When contracting some illnesses is prestigious
By Njoki Kaigai
| March 8th 2020
The whole world is glued to the unfolding drama around the coronavirus. What started off as a seemingly small and manageable illness in China has now become a global problem. Like other Kenyans, I am hoping that the virus spares Kenya because I feel we have already paid our dues with the locusts, the collapsing buildings and other tragedies.
Despite the constant assurances from government, most of us are not full convinced that we can have all it takes to handle this mysterious disease.
Thoughts about corona had me thinking about our society and how we handle common illnesses and ailments. Over time, Kenyans have developed some peculiar habits about illness etiquette.
Let us start off with the fact that Kenyans have, over time, become experts in self-diagnosis and self-treatment.
There is no science to this, and for reasons our ‘expertise’ seems to predominantly apply to malaria and typhoid.
I am yet to understand why we have not developed proficiency in other illnesses like marasmus or syphilis.
So smug are we about our knowledge that with just a few symptoms, we convince ourselves and others that these two illnesses are to blame.
This is then followed by some recommendations on the right medication to consume and in some cases when generic is better than the real done. This behaviour is also heavily deployed on weekends when couples make unscientific diagnosis whether they need performance enhancers or pregnancy preventors. It is no wonder that chemist shops are booming in Kenya - it is because most of us are closet medics who know what ails us and how to treat it.
Fearful of tests
I suspect that this behaviour could be because we are fearful of tests especially when they involve needles and also fear that we might get an unpleasant diagnosis. Most of us would rather swallow tonnes of tabs instead of facing the prospect of tests that might eventually lead us to be banned from eating or consuming certain substances.
I know certain nationalities who enjoy broadcasting their diagnosis and lab findings, telling anyone who cares to listen that they have one illness.
Kenyans do not subscribe to this theory, so we avoid tests often with lethal consequences.
There is a special class of Kenyans who seem to take some form of delight in being sick. In most cases, these Kenyans come housed in those matronly aunties who wear their illnesses with some weird form of pride. The illnesses that confer this ‘suffering with pride’ status are usually diabetes, high blood pressure or orthopaedic illnesses. Any conversation with them usually involves a litany of how the “sukari” (diabetes) or BP (pressure) has made their life hell - they see their fate as the perfect conversation starter.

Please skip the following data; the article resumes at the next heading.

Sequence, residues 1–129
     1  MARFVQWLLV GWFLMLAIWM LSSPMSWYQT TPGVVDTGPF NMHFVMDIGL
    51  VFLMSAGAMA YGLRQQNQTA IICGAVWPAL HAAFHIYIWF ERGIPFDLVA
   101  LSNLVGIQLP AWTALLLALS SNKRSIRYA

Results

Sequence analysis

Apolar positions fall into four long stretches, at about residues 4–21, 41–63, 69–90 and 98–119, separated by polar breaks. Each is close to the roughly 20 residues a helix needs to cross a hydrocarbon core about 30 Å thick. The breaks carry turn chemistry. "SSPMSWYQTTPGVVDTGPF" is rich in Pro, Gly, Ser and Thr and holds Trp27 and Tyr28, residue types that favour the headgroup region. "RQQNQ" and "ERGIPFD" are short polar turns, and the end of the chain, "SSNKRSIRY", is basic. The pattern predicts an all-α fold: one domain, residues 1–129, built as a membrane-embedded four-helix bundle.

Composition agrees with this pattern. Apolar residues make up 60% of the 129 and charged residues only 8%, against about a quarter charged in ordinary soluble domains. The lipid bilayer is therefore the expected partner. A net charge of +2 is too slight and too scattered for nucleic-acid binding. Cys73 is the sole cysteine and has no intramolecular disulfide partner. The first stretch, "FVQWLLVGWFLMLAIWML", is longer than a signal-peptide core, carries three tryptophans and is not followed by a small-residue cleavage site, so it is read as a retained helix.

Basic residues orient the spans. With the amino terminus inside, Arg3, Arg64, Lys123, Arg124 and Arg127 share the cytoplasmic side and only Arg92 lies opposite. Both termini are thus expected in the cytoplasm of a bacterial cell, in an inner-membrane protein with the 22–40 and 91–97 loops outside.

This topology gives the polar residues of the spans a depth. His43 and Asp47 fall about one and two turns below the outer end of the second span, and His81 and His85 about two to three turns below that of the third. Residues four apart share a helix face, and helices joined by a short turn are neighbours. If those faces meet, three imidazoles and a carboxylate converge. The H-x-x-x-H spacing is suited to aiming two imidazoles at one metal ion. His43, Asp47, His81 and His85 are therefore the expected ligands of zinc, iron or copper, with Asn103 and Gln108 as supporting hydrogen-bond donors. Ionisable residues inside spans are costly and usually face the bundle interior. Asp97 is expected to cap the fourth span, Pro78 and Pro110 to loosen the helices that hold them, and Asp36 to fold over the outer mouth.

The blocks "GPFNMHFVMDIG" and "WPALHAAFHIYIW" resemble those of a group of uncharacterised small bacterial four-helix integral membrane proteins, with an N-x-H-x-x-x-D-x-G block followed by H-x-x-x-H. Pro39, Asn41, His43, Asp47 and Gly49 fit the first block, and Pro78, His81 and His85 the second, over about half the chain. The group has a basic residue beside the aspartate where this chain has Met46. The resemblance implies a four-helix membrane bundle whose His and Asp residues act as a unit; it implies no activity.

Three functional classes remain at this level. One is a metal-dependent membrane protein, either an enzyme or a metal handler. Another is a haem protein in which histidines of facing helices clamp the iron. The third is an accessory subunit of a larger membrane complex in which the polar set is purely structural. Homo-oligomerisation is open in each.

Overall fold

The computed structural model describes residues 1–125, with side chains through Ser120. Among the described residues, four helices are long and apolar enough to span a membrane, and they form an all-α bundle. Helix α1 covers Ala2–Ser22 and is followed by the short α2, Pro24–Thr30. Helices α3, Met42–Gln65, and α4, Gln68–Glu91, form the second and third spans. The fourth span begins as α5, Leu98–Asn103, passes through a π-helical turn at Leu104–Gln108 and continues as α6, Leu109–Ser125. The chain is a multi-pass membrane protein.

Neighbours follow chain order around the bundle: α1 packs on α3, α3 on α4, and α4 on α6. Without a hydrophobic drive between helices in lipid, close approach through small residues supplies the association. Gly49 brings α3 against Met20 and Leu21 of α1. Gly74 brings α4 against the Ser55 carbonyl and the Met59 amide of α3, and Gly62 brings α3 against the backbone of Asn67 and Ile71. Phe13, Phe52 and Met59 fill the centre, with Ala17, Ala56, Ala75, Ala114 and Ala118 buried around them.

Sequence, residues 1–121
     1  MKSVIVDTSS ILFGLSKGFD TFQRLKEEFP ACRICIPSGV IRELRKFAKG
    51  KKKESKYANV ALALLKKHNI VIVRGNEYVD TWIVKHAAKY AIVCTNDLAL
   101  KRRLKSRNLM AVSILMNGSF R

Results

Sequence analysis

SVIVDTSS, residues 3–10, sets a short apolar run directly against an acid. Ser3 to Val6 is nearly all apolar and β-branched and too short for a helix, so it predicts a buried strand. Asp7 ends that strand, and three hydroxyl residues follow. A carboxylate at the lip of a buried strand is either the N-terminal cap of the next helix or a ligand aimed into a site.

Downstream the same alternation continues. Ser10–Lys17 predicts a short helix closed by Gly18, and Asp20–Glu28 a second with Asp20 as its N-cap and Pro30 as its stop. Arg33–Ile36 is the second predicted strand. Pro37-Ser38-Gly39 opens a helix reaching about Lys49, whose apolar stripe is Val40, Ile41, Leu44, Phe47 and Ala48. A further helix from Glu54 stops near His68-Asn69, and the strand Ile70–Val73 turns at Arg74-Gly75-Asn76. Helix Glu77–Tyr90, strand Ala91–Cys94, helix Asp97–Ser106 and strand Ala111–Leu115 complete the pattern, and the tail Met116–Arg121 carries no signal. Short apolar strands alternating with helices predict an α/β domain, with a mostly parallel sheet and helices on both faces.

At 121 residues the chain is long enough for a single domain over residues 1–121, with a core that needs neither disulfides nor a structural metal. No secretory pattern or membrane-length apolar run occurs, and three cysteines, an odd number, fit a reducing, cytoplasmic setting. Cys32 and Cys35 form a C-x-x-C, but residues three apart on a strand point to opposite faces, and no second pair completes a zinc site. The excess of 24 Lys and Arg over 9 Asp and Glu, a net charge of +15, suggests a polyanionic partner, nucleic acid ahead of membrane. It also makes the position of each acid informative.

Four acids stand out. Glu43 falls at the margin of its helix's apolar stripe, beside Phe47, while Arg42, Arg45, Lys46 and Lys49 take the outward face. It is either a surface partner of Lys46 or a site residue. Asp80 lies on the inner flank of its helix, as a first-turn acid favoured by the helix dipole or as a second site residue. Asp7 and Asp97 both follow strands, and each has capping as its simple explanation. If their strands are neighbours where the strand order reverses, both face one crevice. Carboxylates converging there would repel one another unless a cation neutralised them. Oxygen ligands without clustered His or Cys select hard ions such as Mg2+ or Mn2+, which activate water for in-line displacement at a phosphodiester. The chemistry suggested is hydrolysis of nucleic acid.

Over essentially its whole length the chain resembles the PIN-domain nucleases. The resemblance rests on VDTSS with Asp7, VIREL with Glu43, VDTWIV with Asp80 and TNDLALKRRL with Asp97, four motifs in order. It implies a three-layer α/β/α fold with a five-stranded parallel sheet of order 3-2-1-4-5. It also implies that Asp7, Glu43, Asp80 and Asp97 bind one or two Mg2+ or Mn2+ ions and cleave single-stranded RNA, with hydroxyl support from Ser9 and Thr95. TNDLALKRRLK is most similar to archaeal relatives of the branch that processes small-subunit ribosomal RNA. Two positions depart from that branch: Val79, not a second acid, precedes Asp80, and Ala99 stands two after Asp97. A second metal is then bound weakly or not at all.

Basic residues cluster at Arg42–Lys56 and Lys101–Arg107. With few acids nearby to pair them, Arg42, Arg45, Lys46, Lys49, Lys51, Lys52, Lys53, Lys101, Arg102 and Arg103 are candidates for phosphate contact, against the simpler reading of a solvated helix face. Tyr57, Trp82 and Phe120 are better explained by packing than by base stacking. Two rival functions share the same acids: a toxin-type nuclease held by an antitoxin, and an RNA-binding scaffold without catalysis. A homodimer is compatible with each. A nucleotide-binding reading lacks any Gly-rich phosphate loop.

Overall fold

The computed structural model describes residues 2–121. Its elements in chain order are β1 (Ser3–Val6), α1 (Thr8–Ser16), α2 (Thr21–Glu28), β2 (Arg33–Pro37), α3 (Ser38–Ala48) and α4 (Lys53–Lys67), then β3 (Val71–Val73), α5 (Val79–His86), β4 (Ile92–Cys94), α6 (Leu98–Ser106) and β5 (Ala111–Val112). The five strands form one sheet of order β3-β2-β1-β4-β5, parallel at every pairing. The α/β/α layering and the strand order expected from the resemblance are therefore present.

Ask these ladies about the weather and they will magically find a way of telling you about their latest health scare; or they will unleash all their medications and tell tales of their latest hospital visit.
They use their illnesses with impunity during family functions, some insisting on special modes of transportation lest their ‘bones’ give way, special seating positions lest their pressure hits the roof and of course of special servings of food lest the sukari goes up.
What makes all this amusing, is that these same sick people lose all their illness, and develop an uncanny ability to shed them off under the right conditions when it suits them - when goodies are up for grabs.
You have instances where the same “diabetic/BP” laden lady easily transforms herself into a demanding guest, making endless demands for ribs and more wedding cake, Fanta baridi and in some cases a few glasses of wine.
The same matronly lady who claims that household chores will ruin her ‘weak back’ will somehow become the star attraction as she features prominently as the aunt who never vacates the dance floor during the family wedding mugithi dances. The ability to turn the illness switch on and off has been known to wreak havoc for other people.
Kenyan men also get a special mention for their behaviour when confronted with minor ailments, most of them, of their own making.
Men usually go overboard when it comes to dealing with hangovers and mild colds. These men see such sicknesses as opportunities to demand special nursing care, special meals and attention.
There is nothing as depressing and annoying as having a sick man in the house for he will become a fusion of an invalid and a child. It really is infuriating for women who often battle serious pain without flinching, having to put up with men whining about a minor ailment. I therefore shudder when I think about the kind of horrible behaviours the corona virus would bring to Kenyans. Kenyans are not good with illness, period.
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